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Definition: Alexandria from Collins English Dictionary


1 the chief port of Egypt, on the Nile Delta: cultural centre of ancient times, founded by Alexander the Great (332 bc). Pop: 3 760 000 (2005 est) Arabic name: El Iskandariyah

Summary Article: Alexandria
From The Hutchinson Unabridged Encyclopedia with Atlas and Weather Guide

City, chief port, and second-largest city of Egypt, situated between the Mediterranean and Lake Maryut; population (2006) 4,110,000. It is linked by canal with the Nile. There is oil refining, gas processing, and trade in cotton and grain. Founded in 332 BC by Alexander the Great, Alexandria was the capital of Egypt for over 1,000 years.

History A principal centre of Hellenistic culture from the time of Alexander the Great, Alexandria became part of the Roman Empire in 30 BC. From the 1st century AD the city was the home of growing Christian and Jewish communities which united successfully against Roman imperial attempts at their suppression, which ended when Constantine I made Christianity the official religion of the empire in the 3rd century AD. From the 4th century Alexandria has been the seat of a Christian patriarch. In 641 it was captured by the Muslim Arabs, and after the opening of the Cape route its trade rapidly declined. In 1798 the city was captured by French troops under Napoleon and held by the French until 1801. Early in the 19th century it began to recover its prosperity, and its growth was encouraged by its use as the main British naval base in the Mediterranean during both world wars. The city was damaged in frequent air raids in World War II. Of the large European community, most were expelled after the Suez Crisis in 1956 and their property confiscated.

Features Few relics of antiquity remain. The ruins of Pharos, the first lighthouse and one of the seven wonders of the ancient world, now lie under the Mediterranean at Kawm ad-Dikkah, where these and other remains of classical antiquity continue to be investigated by archaeologists. The library, said to have contained 700,000 volumes, was destroyed by the caliph Umar in 640. Pompey's Pillar is a column 28 m/92 ft high erected, as a landmark visible from the sea, by the emperor Diocletian. Two obelisks which once stood before the Caesarum temple are now in London (Cleopatra's Needle) and New York. There are also the catacombs of Kom esh-Shuqafa and the museum of Graeco-Roman antiquities.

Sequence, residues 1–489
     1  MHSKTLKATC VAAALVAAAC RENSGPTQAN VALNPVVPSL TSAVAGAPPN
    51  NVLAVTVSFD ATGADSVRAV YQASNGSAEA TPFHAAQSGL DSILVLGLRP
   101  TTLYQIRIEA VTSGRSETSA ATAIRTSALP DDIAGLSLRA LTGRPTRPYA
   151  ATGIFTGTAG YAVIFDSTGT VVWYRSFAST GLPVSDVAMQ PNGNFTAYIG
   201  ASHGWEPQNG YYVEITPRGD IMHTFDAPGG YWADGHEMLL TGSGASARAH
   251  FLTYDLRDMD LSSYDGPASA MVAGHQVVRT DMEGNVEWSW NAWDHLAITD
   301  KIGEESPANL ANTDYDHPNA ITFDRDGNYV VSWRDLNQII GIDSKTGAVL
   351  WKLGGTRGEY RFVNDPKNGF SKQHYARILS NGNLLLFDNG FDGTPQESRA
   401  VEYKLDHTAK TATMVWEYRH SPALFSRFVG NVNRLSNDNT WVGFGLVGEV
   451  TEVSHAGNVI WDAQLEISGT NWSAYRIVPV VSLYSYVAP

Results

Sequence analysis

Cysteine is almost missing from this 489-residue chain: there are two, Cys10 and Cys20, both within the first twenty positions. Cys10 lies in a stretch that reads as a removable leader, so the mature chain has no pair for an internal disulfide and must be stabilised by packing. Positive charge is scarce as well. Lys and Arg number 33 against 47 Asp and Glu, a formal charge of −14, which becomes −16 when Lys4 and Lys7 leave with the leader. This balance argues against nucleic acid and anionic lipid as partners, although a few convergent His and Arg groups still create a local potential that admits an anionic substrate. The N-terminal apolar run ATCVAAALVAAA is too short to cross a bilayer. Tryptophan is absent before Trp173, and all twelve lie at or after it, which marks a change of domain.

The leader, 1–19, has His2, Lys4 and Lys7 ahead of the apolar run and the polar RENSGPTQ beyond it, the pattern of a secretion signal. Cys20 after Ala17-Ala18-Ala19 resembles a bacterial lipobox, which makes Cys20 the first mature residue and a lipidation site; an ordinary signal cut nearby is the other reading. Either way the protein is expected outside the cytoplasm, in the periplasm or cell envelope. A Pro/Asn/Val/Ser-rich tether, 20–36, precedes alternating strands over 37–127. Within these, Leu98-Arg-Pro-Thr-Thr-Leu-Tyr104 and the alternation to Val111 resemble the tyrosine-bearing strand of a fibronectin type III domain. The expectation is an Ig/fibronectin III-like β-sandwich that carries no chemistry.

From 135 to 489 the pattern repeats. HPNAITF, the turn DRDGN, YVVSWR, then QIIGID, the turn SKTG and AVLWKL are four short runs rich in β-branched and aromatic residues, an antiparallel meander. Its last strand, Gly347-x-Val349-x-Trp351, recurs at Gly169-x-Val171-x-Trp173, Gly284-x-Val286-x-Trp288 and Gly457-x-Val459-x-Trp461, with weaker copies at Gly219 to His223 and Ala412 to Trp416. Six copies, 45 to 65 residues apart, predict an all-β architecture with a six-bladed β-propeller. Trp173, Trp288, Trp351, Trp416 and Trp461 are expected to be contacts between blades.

Location Alexandria is situated on a strip of land separating the Mediterranean from Lake Mareotis. Originally the town was built upon a mole (breakwater made of large stones) called Heptastadium, which joined the island of Pharos to the mainland. Since then sedimentary deposits have added considerably to the width of the mole. The modern city is built partly upon the isthmus which developed from the original mole, and partly upon a T-shaped peninsula. The Mahmudiya Canal, connecting Alexandria with the Nile, runs to the south of the city and, by a series of locks, enters the


The ancient city The buildings in the Brucheion (Greek) quarter included the royal palaces of the Ptolemies; the Great Theatre, afterwards utilized as a fortress by Julius Caesar during the siege after the Battle of Pharsalus (48 BC); the Poseideion, or temple to the god of the sea; the Timonium built by Mark Antony; the Emporium or Exchange; the temple of Caesareum, now lying underneath the new sea wall; the Gymnasium; the Palaestra; the mausoleum of Alexander and the museum and library. The Necropolis lay to the west. A feature of the town was the number of subterranean cisterns running along the spaces under the houses and capable of holding a supply of water sufficient to last the whole population a year.

Rise and fall At the height of its prosperity Alexandria contained, according to Diodorus, approximately 300,000 free citizens, while it is probable that there was an even larger number of slaves. Placed between the east and west,

it consequently became a centre of commerce. In 30 BC, on the death of Cleopatra, the last of the Ptolemies, it fell into the possession of the Romans, when it reached the zenith of its glory. A great centre of Hellenism, it was, at the same time,

commercially prosperous to an extraordinary degree, and also the centre of culture and intellect. For a long time it remained as the world's foremost port. But during the reign of Caracalla (188–217) it declined considerably in its commercial greatness, and the rise of Constantinople only served to hasten its fall. Meanwhile Christianity had been introduced, and had quickly made headway. Cairo was chosen by the Egyptian caliphs to be the capital of Egypt; the passage round the Cape of Good Hope was discovered, and Europeans found their way to the continent of America; significant events such as these proved a negative influence on Alexandria and its decay seemed imminent. By the time it was conquered by the Turks in 1517 few of its glories remained. However the city progressed under the Ottoman pasha Mehmet Ali (1769–1849). In 1882 Arabi Pasha angered the British by his maltreatment of the Europeans during his uprising, and a British fleet was dispatched here. The bombardment of Alexandria followed, and of the few remaining emblems of antiquity, most were utterly destroyed. A few days later the city was sacked and a large part of it was destroyed by a disastrous fire.

Climate Alexandria's climate differs from the desert climate of the surrounding country. There is regular rainfall during the winter, while the summer heat is tempered by sea breezes.


Alexandria, Egypt


catacombs of Kom esh-Shuqafa

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